No Space for Letters of Commitment?

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The grant application guidelines allow 15 pages of attachments, with ten consumed by required documents (IRS determination letter, board list, etc.). You’ve got 15 letters of commitment from diverse community groups pledging resources, volunteers, facilities, transportation, and other significant benefits. It’s a conundrum! The letters are powerful. Which do you use? Which do you leave out?

The commitments community partners make to your proposed program are a huge asset. You’ll reference them in the narrative, but a powerful commitment accompanied by a signature enlivens these pledges and makes them less abstract. Here’s a good workaround for this “positive problem”.

• Get a specific, thorough letter of commitment or memorandum of understanding from each partner that’s pledging support.
• Develop a brief but specific summary of the commitment each partner is making.
• Develop a Commitments Chart with columns for: (1) Partner organization name; (2) Partner commitment; (3) Name and title of person signing; and (4) Date of the signature. At the top of the page, before the chart begins, include a paragraph informing the reader that you have a commitment document on file from each partner and you’ll be glad to provide them upon request.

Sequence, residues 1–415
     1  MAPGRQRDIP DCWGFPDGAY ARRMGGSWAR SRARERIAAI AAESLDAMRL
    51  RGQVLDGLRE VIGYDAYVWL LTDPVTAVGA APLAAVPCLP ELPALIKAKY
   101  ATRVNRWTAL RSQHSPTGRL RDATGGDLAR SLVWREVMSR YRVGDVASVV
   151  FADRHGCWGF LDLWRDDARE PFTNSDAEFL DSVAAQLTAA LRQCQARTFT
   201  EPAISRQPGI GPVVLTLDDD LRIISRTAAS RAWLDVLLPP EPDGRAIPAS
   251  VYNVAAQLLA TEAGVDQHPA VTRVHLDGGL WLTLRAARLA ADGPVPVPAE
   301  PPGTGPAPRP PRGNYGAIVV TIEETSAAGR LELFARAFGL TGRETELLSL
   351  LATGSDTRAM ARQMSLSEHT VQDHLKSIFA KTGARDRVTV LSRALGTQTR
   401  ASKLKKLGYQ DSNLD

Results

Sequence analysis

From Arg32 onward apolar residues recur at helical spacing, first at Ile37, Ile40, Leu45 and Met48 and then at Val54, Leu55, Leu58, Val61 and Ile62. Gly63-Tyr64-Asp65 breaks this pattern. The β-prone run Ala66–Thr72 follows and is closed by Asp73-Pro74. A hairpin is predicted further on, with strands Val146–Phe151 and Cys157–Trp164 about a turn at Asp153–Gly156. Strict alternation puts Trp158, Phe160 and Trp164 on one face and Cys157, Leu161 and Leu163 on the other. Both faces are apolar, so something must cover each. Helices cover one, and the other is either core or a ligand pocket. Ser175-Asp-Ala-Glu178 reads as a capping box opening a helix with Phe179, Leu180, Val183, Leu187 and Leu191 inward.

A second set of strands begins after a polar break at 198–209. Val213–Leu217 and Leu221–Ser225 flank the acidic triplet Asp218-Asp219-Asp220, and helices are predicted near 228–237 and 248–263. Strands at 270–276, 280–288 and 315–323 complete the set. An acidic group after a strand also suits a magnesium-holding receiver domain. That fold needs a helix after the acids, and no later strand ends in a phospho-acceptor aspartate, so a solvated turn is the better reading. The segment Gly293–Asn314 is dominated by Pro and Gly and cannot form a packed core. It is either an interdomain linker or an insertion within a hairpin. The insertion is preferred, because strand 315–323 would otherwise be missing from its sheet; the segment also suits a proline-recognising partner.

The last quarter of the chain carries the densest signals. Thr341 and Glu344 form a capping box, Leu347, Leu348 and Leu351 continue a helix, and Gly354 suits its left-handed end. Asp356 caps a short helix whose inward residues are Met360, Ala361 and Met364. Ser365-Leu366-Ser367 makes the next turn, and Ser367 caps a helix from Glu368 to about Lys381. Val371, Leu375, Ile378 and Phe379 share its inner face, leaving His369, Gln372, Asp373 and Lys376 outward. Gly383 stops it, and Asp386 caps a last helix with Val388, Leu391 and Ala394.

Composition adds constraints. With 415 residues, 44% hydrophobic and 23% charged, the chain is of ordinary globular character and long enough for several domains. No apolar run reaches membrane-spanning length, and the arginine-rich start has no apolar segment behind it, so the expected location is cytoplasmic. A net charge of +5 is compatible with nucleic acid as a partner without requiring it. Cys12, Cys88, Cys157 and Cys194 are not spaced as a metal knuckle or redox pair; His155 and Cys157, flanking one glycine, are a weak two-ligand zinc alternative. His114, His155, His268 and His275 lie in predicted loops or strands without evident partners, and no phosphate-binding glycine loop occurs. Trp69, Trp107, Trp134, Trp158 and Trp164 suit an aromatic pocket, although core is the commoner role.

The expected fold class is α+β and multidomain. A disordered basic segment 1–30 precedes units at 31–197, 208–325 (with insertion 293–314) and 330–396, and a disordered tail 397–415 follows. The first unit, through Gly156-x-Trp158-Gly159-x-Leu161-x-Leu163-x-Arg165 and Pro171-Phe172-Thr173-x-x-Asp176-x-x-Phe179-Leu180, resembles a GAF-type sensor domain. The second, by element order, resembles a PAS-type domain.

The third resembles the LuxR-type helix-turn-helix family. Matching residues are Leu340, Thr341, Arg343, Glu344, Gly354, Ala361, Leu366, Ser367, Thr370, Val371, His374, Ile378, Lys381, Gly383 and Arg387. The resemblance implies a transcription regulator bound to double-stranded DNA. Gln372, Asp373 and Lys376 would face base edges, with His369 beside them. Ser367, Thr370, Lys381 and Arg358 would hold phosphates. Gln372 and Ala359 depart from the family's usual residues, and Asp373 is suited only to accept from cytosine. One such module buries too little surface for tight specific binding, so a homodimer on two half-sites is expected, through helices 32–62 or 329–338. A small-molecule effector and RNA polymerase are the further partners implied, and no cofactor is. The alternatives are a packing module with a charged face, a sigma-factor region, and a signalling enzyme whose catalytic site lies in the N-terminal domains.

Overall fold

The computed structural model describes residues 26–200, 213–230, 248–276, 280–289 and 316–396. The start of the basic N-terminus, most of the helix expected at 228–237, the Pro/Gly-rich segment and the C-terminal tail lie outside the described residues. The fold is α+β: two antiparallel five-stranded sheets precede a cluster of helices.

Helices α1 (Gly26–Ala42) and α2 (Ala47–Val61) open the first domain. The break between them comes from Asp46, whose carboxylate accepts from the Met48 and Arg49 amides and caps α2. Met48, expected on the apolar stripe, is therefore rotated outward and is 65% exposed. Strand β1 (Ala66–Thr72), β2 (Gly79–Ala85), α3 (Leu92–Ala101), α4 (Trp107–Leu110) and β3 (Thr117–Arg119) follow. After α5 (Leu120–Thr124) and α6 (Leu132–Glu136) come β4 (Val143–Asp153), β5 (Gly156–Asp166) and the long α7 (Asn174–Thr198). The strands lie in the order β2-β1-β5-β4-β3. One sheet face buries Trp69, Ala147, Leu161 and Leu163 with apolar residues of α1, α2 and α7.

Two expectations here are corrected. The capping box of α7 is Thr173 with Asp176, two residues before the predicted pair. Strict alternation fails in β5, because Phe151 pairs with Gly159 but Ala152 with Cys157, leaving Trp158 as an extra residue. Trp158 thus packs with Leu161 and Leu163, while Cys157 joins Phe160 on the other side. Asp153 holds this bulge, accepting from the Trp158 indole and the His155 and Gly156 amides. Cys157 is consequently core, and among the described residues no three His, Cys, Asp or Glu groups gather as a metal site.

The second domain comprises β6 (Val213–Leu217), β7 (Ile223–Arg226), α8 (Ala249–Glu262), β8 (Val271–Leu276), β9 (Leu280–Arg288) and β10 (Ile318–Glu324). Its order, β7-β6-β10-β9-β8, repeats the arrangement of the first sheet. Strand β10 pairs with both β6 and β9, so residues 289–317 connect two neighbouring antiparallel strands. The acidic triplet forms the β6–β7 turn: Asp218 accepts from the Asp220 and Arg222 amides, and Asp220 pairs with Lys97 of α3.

• Fill in all columns, except the signature.
• Assign a staff member to get an original signature from each partner on the chart.

This process is time-consuming and can be logistically challenging, but the result is impressive. In only one or two pages, the Commitments Chart gives readers a bird’s eye-view of the community support that’s in place for your program, and seals the pledge with a signature.

When you’ve done deep planning, and engaged a strong network of community groups to address a problem, don’t settle too quickly when confronted with restrictive application guidelines. Yes, you do have to follow the funder’s directions exactly, but think creatively! Fully representing the power of your partnerships will give your grant proposal the competitive edge.

— Barbara Floersch, Chief of Training & Curriculum


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